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Updated Aug 11, 2023, 2:06pm EDT
politicsNorth America

Trump’s right to free speech is ‘not absolute’ in Jan. 6 case, judge says

Trump
REUTERS/Reba Saldanha
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The News

A federal judge sided with Donald Trump’s defense on issuing a protective order in the 2020 election interference case that would allow the former president to access and discuss non-sensitive evidence, but not give him an “absolute” right to free speech.

Special Counsel Jack Smith had requested an order that would prevent the “improper dissemination or use” of all evidence given to Trump’s defense ahead of the trial. However, in a hearing Friday, U.S. District Judge Tanya Chutkan declined to adopt it, and instead ruled to prevent only “sensitive” information from being disseminated, as Trump’s lawyers had wanted.

However, she said that Trump is still bound by release conditions and that his free speech is “not absolute” as the case proceeds, meaning the former president is still prohibited from witness intimidation.

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“The fact that he is running a political campaign currently has to yield to the administration of justice,” Chutkan said. “And if that means he can’t say exactly what he wants to say in a political speech, that is just how its going to have to be.”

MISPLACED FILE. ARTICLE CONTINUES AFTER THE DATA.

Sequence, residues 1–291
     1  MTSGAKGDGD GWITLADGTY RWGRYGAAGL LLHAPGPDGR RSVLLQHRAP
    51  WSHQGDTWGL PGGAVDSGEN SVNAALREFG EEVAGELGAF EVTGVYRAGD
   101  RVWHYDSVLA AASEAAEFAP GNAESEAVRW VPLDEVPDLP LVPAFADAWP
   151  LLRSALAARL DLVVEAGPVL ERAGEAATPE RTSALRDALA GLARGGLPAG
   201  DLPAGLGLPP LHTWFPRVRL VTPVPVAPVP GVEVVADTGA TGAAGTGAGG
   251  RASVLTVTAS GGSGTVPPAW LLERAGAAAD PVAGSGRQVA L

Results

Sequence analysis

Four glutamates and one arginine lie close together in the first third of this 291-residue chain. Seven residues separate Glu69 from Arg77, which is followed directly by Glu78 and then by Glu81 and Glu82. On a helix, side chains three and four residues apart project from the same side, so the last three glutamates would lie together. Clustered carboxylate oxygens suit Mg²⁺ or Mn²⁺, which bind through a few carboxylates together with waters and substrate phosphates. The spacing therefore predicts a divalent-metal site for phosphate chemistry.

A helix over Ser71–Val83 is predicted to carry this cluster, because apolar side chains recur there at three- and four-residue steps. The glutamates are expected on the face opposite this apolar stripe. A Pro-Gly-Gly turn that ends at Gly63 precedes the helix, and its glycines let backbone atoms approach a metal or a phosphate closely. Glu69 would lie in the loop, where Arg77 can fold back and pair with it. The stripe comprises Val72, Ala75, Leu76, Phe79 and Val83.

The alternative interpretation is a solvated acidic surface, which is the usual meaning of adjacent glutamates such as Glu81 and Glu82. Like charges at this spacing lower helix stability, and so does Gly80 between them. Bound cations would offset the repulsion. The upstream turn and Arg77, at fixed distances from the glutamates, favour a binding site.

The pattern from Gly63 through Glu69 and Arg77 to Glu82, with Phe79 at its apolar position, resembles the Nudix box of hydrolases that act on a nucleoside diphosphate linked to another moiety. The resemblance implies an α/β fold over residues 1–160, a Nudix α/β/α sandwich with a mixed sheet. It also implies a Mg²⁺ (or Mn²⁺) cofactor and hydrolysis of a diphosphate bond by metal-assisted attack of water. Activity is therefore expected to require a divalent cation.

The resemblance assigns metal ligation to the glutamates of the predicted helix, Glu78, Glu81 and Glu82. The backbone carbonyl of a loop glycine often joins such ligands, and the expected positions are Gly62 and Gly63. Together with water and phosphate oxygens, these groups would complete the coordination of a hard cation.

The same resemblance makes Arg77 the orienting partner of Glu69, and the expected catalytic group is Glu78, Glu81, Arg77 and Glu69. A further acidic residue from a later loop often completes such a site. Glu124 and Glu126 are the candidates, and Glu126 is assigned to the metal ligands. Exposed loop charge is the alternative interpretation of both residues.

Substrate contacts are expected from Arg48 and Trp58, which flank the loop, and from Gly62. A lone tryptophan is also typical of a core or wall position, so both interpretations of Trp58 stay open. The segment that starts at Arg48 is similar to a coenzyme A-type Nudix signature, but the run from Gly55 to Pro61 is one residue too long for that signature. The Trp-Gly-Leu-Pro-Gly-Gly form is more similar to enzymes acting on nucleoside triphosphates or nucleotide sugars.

We’ve curated analysis and reporting on how the order might (or might not) impact Trump’s ability to speak freely about the case as he campaigns for the 2024 Republican nomination.

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Insights

  • A protective order is distinct from a gag order, and Trump can still freely talk about the case no matter the shape of the order, said The Messenger’s legal correspondent Adam Klasfeld. A similar protective order in the New York hush money case has not stopped Trump from freely commenting on it, including “attacking” Manhattan District Attorney Alvin Bragg, Klasfeld said.
  • Trump’s free speech limits will be tested when it comes to witness tampering, said The Washington Post’s Aaron Blake. Going by his past remarks about would-be witnesses against him, Trump has shown an “affinity for exploiting the haziness these standards,” Blake wrote.— The Washington Post
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